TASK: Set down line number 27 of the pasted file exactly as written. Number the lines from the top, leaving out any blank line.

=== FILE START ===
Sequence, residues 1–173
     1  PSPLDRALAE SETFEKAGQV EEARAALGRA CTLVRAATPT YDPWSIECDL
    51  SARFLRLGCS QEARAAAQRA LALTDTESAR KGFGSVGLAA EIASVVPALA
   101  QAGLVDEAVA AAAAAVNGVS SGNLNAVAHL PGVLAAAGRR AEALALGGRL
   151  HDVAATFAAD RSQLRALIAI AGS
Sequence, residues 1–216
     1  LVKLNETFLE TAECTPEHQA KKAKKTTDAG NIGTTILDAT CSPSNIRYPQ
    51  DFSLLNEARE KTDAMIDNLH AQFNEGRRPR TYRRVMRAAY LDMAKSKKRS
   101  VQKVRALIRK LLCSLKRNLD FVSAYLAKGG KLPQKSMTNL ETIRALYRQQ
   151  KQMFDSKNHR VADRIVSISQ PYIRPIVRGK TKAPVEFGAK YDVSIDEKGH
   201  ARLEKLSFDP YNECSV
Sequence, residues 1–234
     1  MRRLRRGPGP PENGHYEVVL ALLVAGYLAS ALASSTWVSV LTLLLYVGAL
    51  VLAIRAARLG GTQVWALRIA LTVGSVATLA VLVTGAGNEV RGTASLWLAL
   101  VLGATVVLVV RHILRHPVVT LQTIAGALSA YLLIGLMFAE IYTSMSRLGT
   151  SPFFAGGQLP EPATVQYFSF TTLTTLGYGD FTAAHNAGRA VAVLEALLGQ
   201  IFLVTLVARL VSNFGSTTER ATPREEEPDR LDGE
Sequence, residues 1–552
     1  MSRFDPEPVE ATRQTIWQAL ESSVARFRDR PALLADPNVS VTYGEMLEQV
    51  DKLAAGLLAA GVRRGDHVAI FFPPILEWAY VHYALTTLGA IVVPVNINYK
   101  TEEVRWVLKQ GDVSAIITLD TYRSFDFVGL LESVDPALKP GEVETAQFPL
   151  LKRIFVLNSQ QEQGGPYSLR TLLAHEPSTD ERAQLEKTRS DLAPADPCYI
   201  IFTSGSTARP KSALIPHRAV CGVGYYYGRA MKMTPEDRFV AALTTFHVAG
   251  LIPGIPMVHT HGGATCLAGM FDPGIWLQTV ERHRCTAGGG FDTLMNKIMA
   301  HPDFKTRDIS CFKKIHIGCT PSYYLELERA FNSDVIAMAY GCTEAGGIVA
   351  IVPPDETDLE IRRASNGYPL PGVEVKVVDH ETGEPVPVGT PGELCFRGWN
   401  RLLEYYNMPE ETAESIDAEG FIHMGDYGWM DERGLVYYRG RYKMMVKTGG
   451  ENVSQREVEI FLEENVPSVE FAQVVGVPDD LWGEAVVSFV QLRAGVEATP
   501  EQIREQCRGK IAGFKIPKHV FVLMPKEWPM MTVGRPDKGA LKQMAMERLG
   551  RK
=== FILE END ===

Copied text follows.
   401  RLLEYYNMPE ETAESIDAEG FIHMGDYGWM DERGLVYYRG RYKMMVKTGG